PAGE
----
Children’s Books, Bilingual Books, and Other Print Books

If you’re still a beginner, ease your way into Filipino reading practice with children’s books and bilingual books.

KidKiddos Books specializes in publishing children’s books in about two dozen languages, including Filipino. Their print books are available in both Filipino and English-Filipino versions. You can get free shipping if you order about seven titles.

Language Lizard offers several bilingual books for Filipino learners. These colorful books, with richly textured illustrations, include fairy tales from around the world, as well as original stories. You can buy some of them in sets.

Eastern Dawn Books has about two hundred Filipino children’s books, some of which are Filipino-English bilingual volumes.

The Kabayan Central Filipino Store offers a variety of print books in Tagalog, comprising both fiction and non-fiction.


The KidKiddos children’s books website has a selection of Filipino ebooks. Each title has a bilingual (English-Filipino) version, as well as a version that’s only in Filipino.

Tagalog Ebooks aggregates Filipino ebooks from various online sources. Most of the website is bilingual: The English descriptions appear first, followed by the Filipino text. There are many categories of books listed, although there aren’t a lot of books in each category.

Project Gutenberg has over fifty Filipino tomes available. Since these are older works in the public domain, some of the language used can be a bit antiquated. These works are better for advanced learners, who can adapt to outmoded spellings and word usages. You can download them in a couple of different formats or just read them online with your web browser.


Amazon is a reliable source for both ebooks and print books. The site has several Filipino textbooks for learners.

One popular textbook choice is Elementary Tagalog: Tara, Mag-Tagalog Tayo! (Come On, Let's Speak Tagalog!). Its highly structured approach spells out the intricacies of grammar and sentence structure for beginners. The included audio helps with pronunciation.

Think in English and Speak in Tagalog Like a Filipino by B. Jocelyn Agoncillo Ramos will take you methodically through pronunciation, grammar, and other essentials of fluent Filipino.

Tagalog for Beginners: An Introduction to Filipino, the National Language of the Philippines by Dr. Joi Barrios will also give you a great foundation in the language. This beginner’s book is reasonably priced and comes with audio. This particular text also features fill-in-the-blank exercises for the learner.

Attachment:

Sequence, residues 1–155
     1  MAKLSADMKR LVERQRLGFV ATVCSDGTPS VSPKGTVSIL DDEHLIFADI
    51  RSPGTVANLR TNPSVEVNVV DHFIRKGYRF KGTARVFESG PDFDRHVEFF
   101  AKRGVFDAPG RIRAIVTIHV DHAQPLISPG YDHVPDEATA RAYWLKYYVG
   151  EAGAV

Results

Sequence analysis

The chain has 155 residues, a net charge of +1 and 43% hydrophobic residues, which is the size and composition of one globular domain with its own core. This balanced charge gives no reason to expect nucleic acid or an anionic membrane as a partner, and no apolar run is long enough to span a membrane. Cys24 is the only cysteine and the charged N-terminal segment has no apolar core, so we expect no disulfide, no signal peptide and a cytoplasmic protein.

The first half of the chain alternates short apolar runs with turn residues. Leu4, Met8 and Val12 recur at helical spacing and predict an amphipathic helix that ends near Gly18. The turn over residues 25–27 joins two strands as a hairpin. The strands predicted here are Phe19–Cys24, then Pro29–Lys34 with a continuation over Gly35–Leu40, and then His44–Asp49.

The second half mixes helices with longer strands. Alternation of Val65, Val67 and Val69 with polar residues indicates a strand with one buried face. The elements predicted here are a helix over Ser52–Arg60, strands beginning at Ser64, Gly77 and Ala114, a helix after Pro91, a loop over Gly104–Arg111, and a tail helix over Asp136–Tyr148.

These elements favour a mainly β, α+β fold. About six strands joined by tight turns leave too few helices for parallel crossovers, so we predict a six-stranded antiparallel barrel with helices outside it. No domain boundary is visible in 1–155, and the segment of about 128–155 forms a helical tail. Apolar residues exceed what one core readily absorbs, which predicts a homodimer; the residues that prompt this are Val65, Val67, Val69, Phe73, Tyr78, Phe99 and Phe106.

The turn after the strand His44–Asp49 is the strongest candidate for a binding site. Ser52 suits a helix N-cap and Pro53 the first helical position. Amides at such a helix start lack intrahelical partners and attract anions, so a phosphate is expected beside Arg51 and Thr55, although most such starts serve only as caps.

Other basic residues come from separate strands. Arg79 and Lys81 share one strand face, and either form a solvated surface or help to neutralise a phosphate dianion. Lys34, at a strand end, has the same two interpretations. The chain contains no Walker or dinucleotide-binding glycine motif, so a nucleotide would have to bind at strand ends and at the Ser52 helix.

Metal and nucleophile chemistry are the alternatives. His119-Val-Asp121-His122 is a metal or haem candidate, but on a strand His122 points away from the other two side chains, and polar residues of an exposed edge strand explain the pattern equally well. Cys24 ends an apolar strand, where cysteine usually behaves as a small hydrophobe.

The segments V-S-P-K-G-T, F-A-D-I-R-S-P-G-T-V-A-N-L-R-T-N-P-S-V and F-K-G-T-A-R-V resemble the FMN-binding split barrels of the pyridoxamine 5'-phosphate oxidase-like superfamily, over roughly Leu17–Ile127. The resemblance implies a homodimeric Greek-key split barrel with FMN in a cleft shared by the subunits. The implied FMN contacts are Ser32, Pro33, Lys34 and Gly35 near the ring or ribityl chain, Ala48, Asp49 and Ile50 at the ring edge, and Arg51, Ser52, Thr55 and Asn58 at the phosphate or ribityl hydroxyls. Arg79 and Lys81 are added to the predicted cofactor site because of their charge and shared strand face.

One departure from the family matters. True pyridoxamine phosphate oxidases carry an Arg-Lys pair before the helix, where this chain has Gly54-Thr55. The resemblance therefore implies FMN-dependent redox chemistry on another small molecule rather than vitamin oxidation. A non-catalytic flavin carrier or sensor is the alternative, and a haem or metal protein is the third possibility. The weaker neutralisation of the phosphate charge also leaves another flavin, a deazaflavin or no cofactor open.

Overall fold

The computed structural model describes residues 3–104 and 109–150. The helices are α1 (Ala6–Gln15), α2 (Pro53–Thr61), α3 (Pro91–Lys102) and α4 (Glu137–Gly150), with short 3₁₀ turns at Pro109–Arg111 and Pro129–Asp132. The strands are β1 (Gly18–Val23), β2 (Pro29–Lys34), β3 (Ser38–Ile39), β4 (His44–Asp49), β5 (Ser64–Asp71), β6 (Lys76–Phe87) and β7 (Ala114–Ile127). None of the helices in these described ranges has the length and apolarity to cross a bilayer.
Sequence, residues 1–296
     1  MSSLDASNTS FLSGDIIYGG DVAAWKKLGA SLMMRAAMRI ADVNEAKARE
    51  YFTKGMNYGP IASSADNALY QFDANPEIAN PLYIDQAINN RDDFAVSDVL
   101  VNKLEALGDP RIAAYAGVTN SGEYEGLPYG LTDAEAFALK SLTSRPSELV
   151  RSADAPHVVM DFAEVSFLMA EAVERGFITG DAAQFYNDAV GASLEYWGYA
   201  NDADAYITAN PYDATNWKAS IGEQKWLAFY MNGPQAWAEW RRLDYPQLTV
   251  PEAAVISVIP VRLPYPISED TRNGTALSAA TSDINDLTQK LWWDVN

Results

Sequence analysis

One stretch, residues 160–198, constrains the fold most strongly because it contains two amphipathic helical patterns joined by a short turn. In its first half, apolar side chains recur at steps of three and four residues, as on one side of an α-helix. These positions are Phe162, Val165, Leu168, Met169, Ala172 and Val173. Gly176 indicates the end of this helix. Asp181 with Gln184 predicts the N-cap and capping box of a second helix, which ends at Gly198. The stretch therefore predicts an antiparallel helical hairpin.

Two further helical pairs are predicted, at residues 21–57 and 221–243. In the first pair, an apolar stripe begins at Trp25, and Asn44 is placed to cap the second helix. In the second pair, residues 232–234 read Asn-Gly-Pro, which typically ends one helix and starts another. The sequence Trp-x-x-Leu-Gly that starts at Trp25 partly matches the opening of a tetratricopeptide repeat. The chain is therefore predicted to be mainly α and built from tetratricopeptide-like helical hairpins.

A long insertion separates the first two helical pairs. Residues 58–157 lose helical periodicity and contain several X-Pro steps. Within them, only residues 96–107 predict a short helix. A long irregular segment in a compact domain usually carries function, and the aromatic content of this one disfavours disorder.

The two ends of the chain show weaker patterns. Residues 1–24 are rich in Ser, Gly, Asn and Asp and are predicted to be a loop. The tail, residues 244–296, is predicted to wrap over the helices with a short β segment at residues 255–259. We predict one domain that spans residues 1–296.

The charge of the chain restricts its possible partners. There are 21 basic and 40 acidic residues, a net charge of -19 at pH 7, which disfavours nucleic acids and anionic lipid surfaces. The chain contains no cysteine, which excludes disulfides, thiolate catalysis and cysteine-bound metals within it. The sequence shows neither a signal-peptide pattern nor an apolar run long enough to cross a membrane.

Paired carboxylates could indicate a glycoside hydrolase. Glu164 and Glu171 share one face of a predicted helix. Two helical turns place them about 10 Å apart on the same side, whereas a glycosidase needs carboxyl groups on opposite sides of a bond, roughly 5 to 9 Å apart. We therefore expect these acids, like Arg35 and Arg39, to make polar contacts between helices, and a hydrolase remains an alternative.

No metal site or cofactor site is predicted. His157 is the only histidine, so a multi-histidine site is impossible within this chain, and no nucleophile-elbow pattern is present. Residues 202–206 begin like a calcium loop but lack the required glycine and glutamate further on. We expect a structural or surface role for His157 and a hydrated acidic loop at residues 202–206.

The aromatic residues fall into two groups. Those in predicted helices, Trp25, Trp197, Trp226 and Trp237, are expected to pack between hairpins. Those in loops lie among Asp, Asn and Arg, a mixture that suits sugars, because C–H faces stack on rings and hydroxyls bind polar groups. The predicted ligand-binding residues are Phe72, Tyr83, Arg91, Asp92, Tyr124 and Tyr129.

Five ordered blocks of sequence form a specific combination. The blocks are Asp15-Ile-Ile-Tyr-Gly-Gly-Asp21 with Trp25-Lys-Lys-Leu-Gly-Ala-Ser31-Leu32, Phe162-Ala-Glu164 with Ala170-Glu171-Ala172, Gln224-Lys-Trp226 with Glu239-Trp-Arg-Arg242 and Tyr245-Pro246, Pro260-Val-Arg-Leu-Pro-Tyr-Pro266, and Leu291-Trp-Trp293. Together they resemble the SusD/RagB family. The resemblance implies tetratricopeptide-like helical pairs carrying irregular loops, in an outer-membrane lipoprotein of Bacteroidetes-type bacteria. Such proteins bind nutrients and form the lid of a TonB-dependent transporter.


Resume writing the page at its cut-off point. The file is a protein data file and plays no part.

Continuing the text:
Intermediate learners can continue their studies with the companion book, Intermediate Tagalog: Learn to Speak Fluent Tagalog (Filipino), the National Language of the Philippines. This intermediate book also comes with audio — although some comments in the reviews indicate that the audio is inaccessible in the Kindle version.

Grammar enthusiasts will cheer for Modern Tagalog: Grammatical Explanations and Exercises for Non-native Speakers by Teresita Ramos and Restituto Cena. Although this book was first published in 1990, new generations of learners are still finding value in its in-depth explanations of Filipino grammar. For logical-mathematical learners, who like understanding material in a systematic way, this book would be particularly valuable.

Borrowed Books

If you want to keep your costs down, a resource such as Hoopla Digital — often available for free through your local public library — loans out many of these same textbook titles at no cost, as audiobooks and ebooks.

Don’t have Hoopla? Your local library may be partnered with a similar service, such as Libby by Overdrive. Both services have matching apps, so you can enjoy the digital content on the go.

Filipino Newspapers

As you keep up with current events through Filipino newspapers, you’ll gain new vocabulary and learn more about the people who speak the language. Here are a few online Filipino-language newspapers and tabloids to get you started:

●       Abante

●       Bistado

●       Remate On-Line

●       Pilipino Star Ngayon

●       Hataw

●       Saksi Ngayon

Filipino Social Media

If social media is a regular part of your daily routine, try following a few accounts in Filipino. The official accounts of news outlets, such as @AbanteNews on Twitter, are more likely to avoid slang and poor grammar. More “proper” Filipino can be easier to understand for beginning and early intermediate learners.

As your grasp of the language grows and you have a better understanding of casual Filipino speech, look for accounts that match your personal interests.